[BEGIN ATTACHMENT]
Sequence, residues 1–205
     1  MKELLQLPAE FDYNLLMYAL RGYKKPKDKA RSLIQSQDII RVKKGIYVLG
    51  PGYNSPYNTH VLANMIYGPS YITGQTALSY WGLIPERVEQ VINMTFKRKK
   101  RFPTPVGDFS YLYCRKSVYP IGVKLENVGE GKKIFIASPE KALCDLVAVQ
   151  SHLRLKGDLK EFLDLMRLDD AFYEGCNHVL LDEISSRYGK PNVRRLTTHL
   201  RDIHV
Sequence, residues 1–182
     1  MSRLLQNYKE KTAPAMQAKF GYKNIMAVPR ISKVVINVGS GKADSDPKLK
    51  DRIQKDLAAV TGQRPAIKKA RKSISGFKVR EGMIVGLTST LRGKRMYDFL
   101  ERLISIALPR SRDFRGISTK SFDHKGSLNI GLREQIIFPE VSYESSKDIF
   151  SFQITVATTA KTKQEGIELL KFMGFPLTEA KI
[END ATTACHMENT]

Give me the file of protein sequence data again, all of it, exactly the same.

Sequence, residues 1–205
     1  MKELLQLPAE FDYNLLMYAL RGYKKPKDKA RSLIQSQDII RVKKGIYVLG
    51  PGYNSPYNTH VLANMIYGPS YITGQTALSY WGLIPERVEQ VINMTFKRKK
   101  RFPTPVGDFS YLYCRKSVYP IGVKLENVGE GKKIFIASPE KALCDLVAVQ
   151  SHLRLKGDLK EFLDLMRLDD AFYEGCNHVL LDEISSRYGK PNVRRLTTHL
   201  RDIHV
Sequence, residues 1–182
     1  MSRLLQNYKE KTAPAMQAKF GYKNIMAVPR ISKVVINVGS GKADSDPKLK
    51  DRIQKDLAAV TGQRPAIKKA RKSISGFKVR EGMIVGLTST LRGKRMYDFL
   101  ERLISIALPR SRDFRGISTK SFDHKGSLNI GLREQIIFPE VSYESSKDIF
   151  SFQITVATTA KTKQEGIELL KFMGFPLTEA KI